The Long-day childcare context: implications for toddlers' pretend play

Helen S. Kowalski, Shirley R. Wyver, Grace Masselos, Philip De Lacey

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    2 Citations (Scopus)


    Forty-eight toddlers aged 17 to 31 months attending long-day childcare participated in this project, which examined some of the influences of the day-care context on their emerging pretend play. Ninety minutes of video-taped observations were collected for each participant as they engaged in free play with their same-age peers and their pre-school-aged peers. The play environment was assessed on a number of dimensions, including the provision of play materials, the quality of care and staff attitudes toward play. Additionally, the participants' weekly attendance pattern was taken into consideration. The complexity of pretend play was coded in accordance with Westby's Symbolic Play Scale (1991). Two components of the long-day childcare context - play with pre-school-aged peers and the unsatisfactory provision of play materials - were found to be significantly influential on the participants' complexity of pretend play. An attendance of four or more days in childcare was also found to be favourable. A number of implications for educational programming in the day-care context arise from these results.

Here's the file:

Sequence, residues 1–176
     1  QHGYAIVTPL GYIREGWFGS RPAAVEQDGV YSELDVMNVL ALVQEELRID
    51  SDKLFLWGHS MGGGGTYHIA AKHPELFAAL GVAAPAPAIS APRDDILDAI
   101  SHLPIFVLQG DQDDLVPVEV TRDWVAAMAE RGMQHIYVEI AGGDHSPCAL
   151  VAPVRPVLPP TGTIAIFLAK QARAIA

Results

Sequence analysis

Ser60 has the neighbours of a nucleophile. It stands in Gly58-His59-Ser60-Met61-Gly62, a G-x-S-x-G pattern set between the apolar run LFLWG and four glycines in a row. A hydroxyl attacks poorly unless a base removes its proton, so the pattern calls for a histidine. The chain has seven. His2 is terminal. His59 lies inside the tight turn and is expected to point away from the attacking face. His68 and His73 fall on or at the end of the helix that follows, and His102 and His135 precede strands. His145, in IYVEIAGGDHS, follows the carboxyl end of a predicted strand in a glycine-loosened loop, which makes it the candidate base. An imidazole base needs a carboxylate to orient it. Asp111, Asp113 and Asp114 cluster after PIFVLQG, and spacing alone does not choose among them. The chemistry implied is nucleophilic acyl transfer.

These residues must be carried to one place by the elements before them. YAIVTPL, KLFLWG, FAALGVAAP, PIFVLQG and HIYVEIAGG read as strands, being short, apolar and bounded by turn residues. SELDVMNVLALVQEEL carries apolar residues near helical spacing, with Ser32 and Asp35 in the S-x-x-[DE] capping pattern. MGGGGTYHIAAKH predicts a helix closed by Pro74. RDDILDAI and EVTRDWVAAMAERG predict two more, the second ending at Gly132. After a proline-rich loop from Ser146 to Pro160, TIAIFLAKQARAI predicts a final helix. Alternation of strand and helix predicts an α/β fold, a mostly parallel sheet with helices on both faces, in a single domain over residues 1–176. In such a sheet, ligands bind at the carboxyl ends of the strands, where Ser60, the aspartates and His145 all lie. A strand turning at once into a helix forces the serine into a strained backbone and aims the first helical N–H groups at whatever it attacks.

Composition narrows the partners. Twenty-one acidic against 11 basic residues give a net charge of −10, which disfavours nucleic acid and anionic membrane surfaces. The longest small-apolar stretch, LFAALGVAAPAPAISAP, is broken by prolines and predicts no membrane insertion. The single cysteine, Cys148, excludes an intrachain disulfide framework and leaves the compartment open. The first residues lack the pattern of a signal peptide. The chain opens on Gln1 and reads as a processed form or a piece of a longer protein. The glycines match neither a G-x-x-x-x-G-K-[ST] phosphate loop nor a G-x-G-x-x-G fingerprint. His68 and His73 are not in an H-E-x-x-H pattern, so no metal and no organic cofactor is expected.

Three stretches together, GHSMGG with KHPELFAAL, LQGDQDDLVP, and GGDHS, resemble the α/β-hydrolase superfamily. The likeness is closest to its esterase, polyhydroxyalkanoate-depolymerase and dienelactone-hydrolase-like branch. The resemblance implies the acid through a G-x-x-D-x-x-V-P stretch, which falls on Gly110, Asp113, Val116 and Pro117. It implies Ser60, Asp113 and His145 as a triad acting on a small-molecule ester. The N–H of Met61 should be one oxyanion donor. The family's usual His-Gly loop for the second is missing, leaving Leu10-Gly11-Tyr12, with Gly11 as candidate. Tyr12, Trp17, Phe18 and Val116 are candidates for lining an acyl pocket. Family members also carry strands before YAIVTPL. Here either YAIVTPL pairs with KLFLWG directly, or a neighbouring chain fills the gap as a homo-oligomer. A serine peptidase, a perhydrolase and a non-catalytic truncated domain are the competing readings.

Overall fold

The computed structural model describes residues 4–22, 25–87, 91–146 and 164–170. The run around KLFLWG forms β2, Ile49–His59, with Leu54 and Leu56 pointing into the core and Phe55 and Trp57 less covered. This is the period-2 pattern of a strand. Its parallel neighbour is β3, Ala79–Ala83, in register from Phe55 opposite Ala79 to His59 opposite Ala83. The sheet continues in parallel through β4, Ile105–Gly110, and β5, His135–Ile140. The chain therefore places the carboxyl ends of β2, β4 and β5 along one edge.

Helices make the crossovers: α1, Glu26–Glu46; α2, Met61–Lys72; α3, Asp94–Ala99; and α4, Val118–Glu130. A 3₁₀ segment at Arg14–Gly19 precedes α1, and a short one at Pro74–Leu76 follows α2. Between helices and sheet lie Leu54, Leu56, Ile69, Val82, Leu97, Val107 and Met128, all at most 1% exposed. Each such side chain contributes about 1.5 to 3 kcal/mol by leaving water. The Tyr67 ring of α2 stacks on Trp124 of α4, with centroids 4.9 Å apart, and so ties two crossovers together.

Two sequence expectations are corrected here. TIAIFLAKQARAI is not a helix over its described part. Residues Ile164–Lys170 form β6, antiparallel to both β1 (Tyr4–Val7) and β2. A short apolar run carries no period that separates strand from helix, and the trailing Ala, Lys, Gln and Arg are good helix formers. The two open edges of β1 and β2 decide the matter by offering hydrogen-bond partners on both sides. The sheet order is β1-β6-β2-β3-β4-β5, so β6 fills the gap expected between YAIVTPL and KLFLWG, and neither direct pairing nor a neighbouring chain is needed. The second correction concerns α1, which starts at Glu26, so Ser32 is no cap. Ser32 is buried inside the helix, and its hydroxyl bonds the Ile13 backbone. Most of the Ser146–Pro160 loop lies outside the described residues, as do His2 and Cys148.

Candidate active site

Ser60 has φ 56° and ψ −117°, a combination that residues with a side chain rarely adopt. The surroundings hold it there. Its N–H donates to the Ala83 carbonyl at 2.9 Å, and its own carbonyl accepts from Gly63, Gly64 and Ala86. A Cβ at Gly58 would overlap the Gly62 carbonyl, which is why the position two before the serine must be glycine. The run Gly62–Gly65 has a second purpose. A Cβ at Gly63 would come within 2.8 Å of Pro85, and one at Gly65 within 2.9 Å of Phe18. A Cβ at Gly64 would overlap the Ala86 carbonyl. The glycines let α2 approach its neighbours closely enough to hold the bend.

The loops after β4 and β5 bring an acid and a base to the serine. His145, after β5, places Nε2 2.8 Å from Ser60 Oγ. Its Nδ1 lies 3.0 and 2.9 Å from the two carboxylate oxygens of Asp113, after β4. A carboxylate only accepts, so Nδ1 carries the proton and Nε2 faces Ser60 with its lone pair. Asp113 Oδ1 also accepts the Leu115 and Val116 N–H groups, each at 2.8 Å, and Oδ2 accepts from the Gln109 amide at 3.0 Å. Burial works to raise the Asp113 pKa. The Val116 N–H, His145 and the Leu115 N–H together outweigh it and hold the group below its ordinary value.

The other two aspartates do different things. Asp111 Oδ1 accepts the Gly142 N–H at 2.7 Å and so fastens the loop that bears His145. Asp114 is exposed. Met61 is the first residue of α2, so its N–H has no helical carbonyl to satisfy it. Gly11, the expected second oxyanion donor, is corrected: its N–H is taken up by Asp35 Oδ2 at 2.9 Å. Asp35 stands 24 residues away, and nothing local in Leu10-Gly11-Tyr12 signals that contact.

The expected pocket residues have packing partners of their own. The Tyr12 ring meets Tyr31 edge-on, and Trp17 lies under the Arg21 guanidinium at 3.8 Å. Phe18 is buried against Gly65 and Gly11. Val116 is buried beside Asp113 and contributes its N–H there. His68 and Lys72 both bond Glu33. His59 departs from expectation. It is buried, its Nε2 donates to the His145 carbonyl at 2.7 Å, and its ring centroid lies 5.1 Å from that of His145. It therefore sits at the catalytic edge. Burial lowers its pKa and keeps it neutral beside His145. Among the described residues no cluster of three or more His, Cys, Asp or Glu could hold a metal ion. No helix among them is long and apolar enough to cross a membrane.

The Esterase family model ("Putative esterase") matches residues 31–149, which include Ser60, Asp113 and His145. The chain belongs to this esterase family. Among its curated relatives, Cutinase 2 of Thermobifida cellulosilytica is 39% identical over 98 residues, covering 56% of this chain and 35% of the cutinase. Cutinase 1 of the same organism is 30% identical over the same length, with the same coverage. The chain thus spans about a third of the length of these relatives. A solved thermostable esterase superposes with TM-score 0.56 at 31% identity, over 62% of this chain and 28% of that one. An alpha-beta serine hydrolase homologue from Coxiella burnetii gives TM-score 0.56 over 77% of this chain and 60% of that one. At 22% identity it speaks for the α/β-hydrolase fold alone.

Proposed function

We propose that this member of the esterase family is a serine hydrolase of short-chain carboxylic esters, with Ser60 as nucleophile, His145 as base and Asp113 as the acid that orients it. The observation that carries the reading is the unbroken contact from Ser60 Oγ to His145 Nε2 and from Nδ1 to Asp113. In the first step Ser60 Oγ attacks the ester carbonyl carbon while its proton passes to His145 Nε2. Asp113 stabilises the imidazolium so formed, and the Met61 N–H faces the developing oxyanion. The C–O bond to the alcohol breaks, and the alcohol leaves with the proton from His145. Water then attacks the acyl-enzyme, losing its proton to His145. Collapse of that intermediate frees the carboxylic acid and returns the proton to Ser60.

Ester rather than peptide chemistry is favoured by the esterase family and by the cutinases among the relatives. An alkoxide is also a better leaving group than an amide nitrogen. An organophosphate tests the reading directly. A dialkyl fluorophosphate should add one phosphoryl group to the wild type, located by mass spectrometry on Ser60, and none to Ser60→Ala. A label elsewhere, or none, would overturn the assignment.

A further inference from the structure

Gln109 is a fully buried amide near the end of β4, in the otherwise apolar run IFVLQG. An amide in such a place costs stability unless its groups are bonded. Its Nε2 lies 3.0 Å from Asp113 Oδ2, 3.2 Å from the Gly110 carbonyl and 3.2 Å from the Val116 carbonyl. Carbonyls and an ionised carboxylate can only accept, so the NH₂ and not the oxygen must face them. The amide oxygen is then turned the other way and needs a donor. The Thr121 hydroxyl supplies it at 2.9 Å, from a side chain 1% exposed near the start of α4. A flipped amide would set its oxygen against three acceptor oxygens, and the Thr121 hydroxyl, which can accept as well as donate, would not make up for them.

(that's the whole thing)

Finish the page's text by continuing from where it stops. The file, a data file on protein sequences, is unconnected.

Original languageEnglish
    Pages (from-to)55-65
    Number of pages11
    JournalEarly Years
    Issue number1
    Publication statusPublished - 2005


    • pretend play
    • symbolic play
    • day-care context
    • toddlers
    • older peers


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